Casting a nostalgic look at American history, Benton presents an unusual mid-twentieth century interpretation of Manifest Destiny. The artist, a grandnephew of a prominent, populist Missouri senator who helped shape the policies of American expansionism, harks back to a time when trailblazers settled the American West. Throughout his life, he mythologized this theme, beginning with early paintings like The Pathfinder (1926) and culminating in the grand-scaled mural, Independence and the Opening of the American West (1959-62), commissioned for the Truman Presidential Library in Independence, Missouri. In the 1930s, such themes earned Benton recognition as a “regionalist” artist who celebrated Middle American values by depicting rural culture.

Trail Riders also draws upon classic Hollywood Westerns that celebrated the loners and nomads along pioneer trails. The artist’s gigs in Hollywood for Life magazine and Walt Disney enabled him to see first-hand the creation of these idealized heroes.

In this painting, Benton mediates on his personal relationship to the land: The protagonists riding along the trail represent the artist and his friend, who explored the Banff region on horseback in 1963. Benton turned to the mountains for solace after his regionalist aesthetic was scorned by an art world enamored with another movement, Abstract Expressionism, in the 1950s. The landscape assuaged the artist’s loneliness and distaste for America’s increasing urban culture.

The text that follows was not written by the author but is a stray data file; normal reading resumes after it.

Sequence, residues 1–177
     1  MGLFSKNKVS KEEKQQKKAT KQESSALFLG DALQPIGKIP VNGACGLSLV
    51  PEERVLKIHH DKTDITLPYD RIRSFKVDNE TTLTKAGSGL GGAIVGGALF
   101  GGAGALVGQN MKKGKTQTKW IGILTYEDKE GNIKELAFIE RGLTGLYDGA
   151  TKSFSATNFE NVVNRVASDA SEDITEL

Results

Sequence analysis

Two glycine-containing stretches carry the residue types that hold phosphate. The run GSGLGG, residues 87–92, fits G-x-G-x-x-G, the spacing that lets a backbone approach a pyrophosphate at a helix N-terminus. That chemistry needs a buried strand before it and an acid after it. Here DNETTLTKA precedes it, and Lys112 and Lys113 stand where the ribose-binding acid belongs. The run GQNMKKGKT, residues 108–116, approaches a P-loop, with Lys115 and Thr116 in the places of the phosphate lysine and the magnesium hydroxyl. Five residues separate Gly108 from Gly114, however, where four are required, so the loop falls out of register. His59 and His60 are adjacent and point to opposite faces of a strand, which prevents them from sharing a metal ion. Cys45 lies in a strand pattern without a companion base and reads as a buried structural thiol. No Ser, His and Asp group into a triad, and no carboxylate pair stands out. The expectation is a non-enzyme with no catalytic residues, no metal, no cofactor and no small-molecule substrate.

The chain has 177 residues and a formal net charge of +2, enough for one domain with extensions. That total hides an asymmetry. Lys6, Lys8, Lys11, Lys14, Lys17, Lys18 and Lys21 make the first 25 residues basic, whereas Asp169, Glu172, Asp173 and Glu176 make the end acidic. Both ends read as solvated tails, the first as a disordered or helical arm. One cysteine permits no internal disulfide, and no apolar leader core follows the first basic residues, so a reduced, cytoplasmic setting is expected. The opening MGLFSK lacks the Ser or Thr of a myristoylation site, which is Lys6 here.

—Barbara Matilsky, Curator of Art


Benefit, Burgers and Birds: 2012 Firsts and other Highlights

Note: this entry was first posted December 28. Thanks to the nefarious meddling of holiday hackers, it was lost, reposted, and lost again. Now a week into the new year, we feel secure enough in our security to repost with a look at several firsts in 2012.

altWith 2012 in its final days, we offer our perspective on several firsts and other highlights of the year at Whatcom Museum, starting off with the utterly modern and thoroughly poetic interpretation of Lesley Dill's remarkable Shimmer installation by Kuntz & Company. The first time we've had dancers in the gallery, it was a precedent we're thrilled to set and build on in the coming years. During that same exhibition, a rare-for-Bellingham show that featured a New York artist's exceptional and often spiritual brand of language-inspired art, we collaborated with Whatcom Poetry Series for a meaningful program of poetry writing that blew the creative caps off our participants' pens. We thank Humanities Washington for making it all come true.

Other firsts include our first animated video, all about ice and art and taking part. We also held our first Art Auction, a benefit for the museum, artists and collectors. Designed as a chance to take home one of a kind artwork and support the museum at the same time, we aim to make this event better each year in our effort to make the Whatcom Museum a place you're proud to call your hometown hub of history and art.